STARS Patient Information
Syncope can have many different causes. The majority are not life-threatening and can usually be easily controlled. However, a very small minority can be dangerous. As a result, some causes of fainting are more treatable and can be improved with simple self help measures. Others are complex and may require medication or pacemaker options.
Managing your own syncope
As soon as you experience 'pre-syncope' symptoms (hot, clammy, sweaty, nauseous), learn to immediately squat or lie down which could help avoid a complete blackout.
Do not try to fight your symptoms by standing up. You are not stronger than your blood pressure and it will win!
If you are not able to lie down, cross your ankles and tense your calf-muscles as this will help to get the blood pumping around your body and increase your blood pressure, combine this movement with buttock clenching to make effects more pronounced which will alleviate the symptoms. This is a really useful exercise if you are caught at the supermarket checkout!!
If you are able, sit down immediately or, if possible lie down flat and put your legs in the air - for example against a wall or propped up on pillows, if you can it is preferable to do a cycling movement with your legs.
Dr Wouter Wieling, Associate Professor of Internal Medicine at the University of Amsterdam, STARS medical patron demonstrates useful counterpressure manoeuvres, illustrating the direct effect they can have on blood pressure.
Syncope & Diet
Blood pressure and pulse rate can be influenced by what we consume. These changes can be quite dramatic in a patient with Vasovagal Syncope or Postural Tachycardia Syndrome (POTS). This can work to the advantage or disadvantage of the patient.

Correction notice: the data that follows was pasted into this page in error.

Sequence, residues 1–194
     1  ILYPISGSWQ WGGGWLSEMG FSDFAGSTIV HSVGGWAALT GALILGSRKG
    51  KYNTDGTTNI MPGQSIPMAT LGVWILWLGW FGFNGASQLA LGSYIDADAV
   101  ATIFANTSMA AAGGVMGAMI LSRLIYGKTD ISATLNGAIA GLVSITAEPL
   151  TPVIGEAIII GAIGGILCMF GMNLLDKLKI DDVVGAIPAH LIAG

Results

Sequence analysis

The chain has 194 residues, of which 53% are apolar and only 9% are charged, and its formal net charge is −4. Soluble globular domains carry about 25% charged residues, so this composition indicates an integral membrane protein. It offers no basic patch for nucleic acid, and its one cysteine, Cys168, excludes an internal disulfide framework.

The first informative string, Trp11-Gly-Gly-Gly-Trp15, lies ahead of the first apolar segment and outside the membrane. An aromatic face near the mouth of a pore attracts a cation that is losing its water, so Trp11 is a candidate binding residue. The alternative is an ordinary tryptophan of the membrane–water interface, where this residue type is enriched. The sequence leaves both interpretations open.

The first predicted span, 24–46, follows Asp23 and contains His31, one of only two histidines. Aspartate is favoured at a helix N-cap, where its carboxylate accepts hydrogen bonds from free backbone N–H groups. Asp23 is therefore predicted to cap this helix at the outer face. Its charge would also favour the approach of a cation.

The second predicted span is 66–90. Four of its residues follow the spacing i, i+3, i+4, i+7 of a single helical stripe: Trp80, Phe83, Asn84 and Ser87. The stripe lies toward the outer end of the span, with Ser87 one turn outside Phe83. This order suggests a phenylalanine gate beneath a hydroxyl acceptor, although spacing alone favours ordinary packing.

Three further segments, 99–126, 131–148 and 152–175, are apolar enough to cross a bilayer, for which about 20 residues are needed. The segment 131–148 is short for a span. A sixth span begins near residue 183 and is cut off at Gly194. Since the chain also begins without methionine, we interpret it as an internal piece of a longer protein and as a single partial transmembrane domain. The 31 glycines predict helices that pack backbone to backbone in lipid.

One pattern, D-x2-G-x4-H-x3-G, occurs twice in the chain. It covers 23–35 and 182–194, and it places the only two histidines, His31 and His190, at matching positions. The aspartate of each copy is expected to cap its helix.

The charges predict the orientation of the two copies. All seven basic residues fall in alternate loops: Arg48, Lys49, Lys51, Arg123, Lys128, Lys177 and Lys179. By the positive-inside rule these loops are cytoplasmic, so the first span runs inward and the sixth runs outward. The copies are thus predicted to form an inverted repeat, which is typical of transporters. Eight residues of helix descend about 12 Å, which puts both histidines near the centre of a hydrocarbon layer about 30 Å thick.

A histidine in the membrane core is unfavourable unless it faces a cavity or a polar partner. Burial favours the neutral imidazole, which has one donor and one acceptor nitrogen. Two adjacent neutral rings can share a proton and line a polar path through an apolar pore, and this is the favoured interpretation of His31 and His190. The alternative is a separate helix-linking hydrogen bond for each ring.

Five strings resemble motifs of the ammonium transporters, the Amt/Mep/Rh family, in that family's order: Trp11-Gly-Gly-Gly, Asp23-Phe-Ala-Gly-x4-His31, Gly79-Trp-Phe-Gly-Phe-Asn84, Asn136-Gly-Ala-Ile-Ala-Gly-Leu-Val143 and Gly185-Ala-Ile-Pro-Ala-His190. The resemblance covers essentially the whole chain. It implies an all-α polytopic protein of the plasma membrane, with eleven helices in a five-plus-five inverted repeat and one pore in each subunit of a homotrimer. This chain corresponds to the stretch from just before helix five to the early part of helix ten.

It has long been recognised that people who are dehydrated are prone to fainting. When fluid intake is insufficient, or fluid loss is excessive, the volume of blood circulating in blood vessels becomes reduced and blood pressure falls. An average healthy adult requires approximately 1.5 litres of fluid per day - when exercising or in a hot environment, considerably more may be needed.
For further information on diet, Download the Syncope & Diet information sheet
Much patience is required in the treatment of syncope as medications that help some may have no effect for others and in some cases make matters worse. Midodrine is one of the more successful drugs and and has few side-effects. Itching, tingling and feeling cold are some of the adverse reactions, but these can easily be controlled by changing the dosage.
Pacing can help some people with syncope who experience a sudden fall in their heart rate (bradycardia). A pacemaker monitors the heart and restores the heart to a normal heart rhythm therefore maintaining blood flow to the brain and reducing loss of consciousness.
If you have any questions about treatment options, please contact STARS: firstname.lastname@example.org